In a study led by sociologist Maria Krysan at the University of Illinois at Chicago, people were asked to assess short video clips of neighborhoods with black and white actors posing as residents. Whites rated more positively the places that appeared to be white neighborhoods, compared to when the very same neighborhoods were shown with blacks. These two clips used in the study capture the same middle-class neighborhood in Detroit.

An interesting twist to use videos with similar scenes. But, the findings follow in a long line of studies that suggest whites and blacks are treated differently in mortgage applications, searches for rental housing, applying for jobs, buying a car, and other areas. Just having a different skin color provokes people to different perceptions and actions. Whites generally don’t want to live in neighborhoods with blacks though the opposite is not true. And just seeing blacks on the street might be enough to push whites away…

Dot maps of American jobs

A researcher shows the geographic dispersion of American jobs through an interactive dot map:

This visualization plots one dot for every job in the United States, according to the Census Bureau’s Longitudinal Employer-Household Dynamics data. The LEHD data is based on state unemployment insurance records, and tabulates the count of jobs by census block. Here, jobs are colored by type, allowing us to see how different industries and sectors exhibit different spatial patterns–some clustering in downtowns, others spreading across city and suburbs alike.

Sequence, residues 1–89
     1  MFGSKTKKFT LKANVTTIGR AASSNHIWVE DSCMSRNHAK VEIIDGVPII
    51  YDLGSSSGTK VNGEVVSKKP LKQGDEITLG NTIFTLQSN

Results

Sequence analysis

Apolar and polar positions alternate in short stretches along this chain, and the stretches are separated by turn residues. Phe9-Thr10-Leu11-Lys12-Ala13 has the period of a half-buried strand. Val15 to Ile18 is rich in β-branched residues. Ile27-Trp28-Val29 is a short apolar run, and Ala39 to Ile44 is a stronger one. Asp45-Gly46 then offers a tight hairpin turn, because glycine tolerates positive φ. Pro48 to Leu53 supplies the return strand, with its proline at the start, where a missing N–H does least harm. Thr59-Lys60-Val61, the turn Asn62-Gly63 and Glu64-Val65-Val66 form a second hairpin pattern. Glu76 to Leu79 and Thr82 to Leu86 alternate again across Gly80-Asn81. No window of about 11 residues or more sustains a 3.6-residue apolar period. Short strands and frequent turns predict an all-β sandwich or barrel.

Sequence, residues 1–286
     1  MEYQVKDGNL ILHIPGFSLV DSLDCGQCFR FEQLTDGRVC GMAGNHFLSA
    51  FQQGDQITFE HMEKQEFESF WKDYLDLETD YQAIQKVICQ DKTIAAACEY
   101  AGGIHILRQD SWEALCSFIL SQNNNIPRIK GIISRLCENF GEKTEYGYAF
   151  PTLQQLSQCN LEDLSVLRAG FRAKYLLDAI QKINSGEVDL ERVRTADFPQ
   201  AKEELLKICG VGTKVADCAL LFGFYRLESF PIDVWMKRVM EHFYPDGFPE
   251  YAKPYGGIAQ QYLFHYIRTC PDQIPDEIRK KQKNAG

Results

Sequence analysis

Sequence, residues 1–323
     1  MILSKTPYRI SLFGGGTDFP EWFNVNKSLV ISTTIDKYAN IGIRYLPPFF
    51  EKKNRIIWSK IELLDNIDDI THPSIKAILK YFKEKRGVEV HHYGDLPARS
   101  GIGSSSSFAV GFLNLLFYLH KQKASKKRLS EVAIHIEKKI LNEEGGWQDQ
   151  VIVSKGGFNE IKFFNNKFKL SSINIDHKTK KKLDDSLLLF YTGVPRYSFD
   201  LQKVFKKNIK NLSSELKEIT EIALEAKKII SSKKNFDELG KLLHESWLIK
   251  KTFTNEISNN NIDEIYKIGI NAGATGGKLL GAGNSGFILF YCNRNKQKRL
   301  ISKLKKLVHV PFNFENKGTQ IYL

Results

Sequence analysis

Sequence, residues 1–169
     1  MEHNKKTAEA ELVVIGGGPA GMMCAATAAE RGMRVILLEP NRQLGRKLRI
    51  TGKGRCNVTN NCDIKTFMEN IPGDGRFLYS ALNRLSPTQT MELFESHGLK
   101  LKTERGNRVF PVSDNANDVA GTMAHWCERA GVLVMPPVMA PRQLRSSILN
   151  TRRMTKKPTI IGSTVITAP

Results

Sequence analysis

This project was inspired by the Racial Dot Map, as implemented most recently by the Cooper Center at the University of Virginia. I’m grateful to them for hosting such a stunning visualization, and especially for their extensive methodology section, which I drew on heavily to create the map here.

Not surprisingly, jobs are concentrated in different areas. Geographic dispersion is not unusual in the United States as it includes racial and ethnic groups (ongoing patterns of residential segregation), spatial mismatches between where people live and work, and grouping by social class and other categories (like religion or cultural groups – see the books The Big Sort or Our Patchwork Nation).

Why jobs are so grouped could involve a variety of factors including zoning (communities wanting to place certain firms in certain places), economies of scale and innovation (it could make sense to concentrate large numbers of workers and/or organizations near each other), and historic patterns of businesses locating near each other.

Another issue is whether these patterns are generally good for organizations, workers, and communities.